Neville Copperthwaite has dreams of sinking two Royal Naval frigates off the Dorset coast.
But sailors can rest easy as, instead of being some Bond villain, he’s part of a team that wants to boost coastal communities all around the country by encouraging their development as dive spots.
Mr Copperthwaite has faith in the simplicity of his plan; to take decommissioned ships that are awaiting sale and “rotting” in dock in Portsmouth and sink them to create artificial reefs on the edge of Weymouth Bay, attracting marine life and also divers.
They would, he says, also be good for fishermen, boost the local economy by millions, and give the Treasury back plenty in VAT alone.
Mr Copperthwaite, a Portland-based marine consultant, said yesterday: “This is not just about another ship and it is not just about one town on the south coast. With support from a national level it is quite possible that those ex-naval warships that are rotting away in Portsmouth could help generate tens of millions of pounds for coastal communities from Portland Bill to Skegness.
Leading the not-for-profit community group Weymouth and Portland Wreck to Reef, he says its scheme could be a blueprint for the whole of the UK. The group has leased a square kilometre of seabed from the Crown Estate, and been granted a licence by the Marine Management Organisation to create a variety of reefs, including by sinking two warships.
There is one flaw in the plan – the Ministry of Defence does not want to give the ships away. So after producing an economic case for the project, Wreck to Reef is appealing to the public to pile on the pressure by signing an e-petition.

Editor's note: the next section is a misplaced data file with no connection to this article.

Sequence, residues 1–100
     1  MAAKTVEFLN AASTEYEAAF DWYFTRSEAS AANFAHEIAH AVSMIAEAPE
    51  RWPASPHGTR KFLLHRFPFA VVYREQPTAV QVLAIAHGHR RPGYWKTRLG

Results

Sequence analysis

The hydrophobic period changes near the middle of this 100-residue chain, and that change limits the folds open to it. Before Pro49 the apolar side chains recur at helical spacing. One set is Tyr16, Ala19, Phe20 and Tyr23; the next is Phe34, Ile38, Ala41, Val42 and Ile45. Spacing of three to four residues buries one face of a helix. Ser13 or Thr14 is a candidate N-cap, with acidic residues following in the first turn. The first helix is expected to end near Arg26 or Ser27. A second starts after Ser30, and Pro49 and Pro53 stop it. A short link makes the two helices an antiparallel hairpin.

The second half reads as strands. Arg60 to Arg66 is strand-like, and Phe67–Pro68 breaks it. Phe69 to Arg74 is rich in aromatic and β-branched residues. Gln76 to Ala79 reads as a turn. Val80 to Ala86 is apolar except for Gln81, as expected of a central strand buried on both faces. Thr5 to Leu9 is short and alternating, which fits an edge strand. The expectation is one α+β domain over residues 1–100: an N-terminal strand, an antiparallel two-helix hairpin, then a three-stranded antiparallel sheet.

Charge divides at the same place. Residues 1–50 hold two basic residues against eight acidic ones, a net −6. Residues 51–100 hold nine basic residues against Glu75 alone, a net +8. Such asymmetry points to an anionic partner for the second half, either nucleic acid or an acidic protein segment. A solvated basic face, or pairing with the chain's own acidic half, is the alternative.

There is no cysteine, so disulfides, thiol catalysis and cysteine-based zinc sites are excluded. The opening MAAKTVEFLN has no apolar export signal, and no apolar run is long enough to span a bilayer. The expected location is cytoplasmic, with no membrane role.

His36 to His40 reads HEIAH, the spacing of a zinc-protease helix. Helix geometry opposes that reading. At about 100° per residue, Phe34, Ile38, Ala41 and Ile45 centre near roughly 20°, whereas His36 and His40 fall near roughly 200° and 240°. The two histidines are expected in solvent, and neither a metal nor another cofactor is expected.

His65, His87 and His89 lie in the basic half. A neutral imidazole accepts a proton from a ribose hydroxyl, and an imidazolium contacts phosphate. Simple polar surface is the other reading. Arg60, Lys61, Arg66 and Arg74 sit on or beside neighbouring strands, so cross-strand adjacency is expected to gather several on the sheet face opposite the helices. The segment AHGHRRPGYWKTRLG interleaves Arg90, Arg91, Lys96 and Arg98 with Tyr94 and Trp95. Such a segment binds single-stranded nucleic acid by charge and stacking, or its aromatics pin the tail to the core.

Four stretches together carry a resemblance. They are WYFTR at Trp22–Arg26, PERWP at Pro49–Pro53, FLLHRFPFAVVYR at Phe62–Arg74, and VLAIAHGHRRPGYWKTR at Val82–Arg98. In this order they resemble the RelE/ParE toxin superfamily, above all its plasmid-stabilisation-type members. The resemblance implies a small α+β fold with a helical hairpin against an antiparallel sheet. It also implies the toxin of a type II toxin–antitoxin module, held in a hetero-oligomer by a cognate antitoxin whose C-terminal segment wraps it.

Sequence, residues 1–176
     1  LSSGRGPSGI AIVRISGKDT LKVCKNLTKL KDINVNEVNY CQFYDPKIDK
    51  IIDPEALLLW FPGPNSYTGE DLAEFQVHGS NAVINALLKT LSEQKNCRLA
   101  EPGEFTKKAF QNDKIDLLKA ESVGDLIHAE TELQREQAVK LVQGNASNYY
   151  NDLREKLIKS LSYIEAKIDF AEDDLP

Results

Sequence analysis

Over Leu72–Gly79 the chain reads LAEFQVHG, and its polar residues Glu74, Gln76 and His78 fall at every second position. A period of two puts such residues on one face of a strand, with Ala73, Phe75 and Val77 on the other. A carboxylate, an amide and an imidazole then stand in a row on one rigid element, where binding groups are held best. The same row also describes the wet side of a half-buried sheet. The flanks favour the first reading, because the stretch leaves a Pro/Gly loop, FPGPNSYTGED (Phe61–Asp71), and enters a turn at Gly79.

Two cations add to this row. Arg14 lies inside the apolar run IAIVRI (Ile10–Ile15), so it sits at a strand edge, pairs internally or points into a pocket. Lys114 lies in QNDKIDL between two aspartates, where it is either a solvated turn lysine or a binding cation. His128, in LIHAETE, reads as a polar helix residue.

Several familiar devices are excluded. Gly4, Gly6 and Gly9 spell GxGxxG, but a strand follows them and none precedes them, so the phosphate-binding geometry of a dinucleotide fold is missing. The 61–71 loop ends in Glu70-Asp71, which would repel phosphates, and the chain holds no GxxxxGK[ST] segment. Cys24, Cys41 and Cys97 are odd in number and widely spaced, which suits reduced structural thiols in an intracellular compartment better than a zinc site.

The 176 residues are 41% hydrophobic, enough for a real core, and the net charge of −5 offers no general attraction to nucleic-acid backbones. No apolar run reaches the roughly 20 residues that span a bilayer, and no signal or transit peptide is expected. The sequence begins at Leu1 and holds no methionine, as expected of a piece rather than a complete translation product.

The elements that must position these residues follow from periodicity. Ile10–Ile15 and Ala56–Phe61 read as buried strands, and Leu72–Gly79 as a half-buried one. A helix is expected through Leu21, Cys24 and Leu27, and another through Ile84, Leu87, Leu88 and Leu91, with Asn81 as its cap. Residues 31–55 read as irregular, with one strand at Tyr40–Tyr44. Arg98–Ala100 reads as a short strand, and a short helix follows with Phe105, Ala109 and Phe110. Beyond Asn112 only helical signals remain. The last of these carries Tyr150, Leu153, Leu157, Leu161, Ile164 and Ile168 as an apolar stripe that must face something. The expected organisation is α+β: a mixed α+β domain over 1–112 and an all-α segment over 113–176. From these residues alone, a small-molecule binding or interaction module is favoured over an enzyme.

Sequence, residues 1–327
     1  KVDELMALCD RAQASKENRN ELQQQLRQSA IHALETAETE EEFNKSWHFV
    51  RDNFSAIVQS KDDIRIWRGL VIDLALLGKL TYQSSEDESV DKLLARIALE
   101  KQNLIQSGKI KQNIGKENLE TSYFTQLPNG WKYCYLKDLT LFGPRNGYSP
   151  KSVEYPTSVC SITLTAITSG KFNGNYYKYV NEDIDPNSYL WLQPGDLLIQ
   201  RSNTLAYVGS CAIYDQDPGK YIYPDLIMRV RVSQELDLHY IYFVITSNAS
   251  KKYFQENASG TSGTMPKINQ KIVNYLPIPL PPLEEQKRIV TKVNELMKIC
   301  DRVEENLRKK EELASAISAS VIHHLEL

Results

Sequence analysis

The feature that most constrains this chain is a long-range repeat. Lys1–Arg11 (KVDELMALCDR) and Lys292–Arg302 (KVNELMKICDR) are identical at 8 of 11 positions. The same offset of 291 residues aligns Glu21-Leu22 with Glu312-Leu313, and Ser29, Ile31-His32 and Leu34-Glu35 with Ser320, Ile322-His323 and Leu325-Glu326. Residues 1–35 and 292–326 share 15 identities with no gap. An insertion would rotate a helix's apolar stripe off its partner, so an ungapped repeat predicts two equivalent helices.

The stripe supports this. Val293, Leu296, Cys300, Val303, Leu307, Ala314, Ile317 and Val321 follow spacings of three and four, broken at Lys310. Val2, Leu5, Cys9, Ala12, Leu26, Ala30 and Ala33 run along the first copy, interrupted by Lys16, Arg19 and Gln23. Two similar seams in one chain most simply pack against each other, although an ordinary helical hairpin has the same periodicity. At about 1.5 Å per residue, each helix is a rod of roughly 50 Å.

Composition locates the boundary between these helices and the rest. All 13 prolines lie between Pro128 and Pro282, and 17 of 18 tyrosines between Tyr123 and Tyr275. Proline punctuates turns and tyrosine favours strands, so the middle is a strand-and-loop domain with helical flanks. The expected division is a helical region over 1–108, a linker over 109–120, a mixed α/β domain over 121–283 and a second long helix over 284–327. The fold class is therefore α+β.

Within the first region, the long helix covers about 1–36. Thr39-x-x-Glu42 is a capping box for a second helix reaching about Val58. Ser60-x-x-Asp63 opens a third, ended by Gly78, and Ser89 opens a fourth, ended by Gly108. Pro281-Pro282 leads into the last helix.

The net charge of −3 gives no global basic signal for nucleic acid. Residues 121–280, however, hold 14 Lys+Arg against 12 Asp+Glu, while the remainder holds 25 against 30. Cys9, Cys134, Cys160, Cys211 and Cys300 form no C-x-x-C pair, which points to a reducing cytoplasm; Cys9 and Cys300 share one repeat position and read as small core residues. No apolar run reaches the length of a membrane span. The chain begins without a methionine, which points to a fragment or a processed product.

“We have created a new way to manage an area of sea-bed by the people for the people,” said Mr Copperthwaite.
“ We have got permissions for a lobster re-stocking reef, a quarry reef, a solace reef, as well as for the sinking of two warships. The lobster re-stocking reef is already a reality, it was laid last March and 1,000 baby lobsters donated by the National Lobster Hatchery, will be released this summer.”
He said that bids for the ships must be higher than the scrap value, adding that “the UK is sadly out of step with the rest of the world with regards to giving ships as ‘deeds of gifts’. Portugal and Thailand sank four ships in 2012, with Portugal planning to sink another two this year. When HMS Scylla was sunk off Plymouth, the Government provided £1.4 million money through the Regional Development Agency.”
He said: “Is it not time to look at the rest of the world and finally lay these ships to rest in British waters as artificial reefs?
Neville Copperthwaite, Marcus Darler and Sean Webb, main picture, directors of the Weymouth and Portland Wreck to Reef company, who hope to sink two frigates in Weymouth Bay as diving wrecks Picture: Fran Stothard